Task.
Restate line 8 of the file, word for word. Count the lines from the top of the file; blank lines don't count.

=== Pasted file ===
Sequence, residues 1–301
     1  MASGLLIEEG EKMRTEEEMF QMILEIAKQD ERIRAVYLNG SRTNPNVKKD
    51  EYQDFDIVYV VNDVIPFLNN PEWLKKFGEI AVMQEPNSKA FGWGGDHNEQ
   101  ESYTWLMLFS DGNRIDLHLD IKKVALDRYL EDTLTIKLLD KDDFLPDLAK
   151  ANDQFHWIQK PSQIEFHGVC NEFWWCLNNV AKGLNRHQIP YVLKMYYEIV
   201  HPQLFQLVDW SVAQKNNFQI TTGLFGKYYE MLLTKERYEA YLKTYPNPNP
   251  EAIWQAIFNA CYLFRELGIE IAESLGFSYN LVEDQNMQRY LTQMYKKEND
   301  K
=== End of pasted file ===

   301  K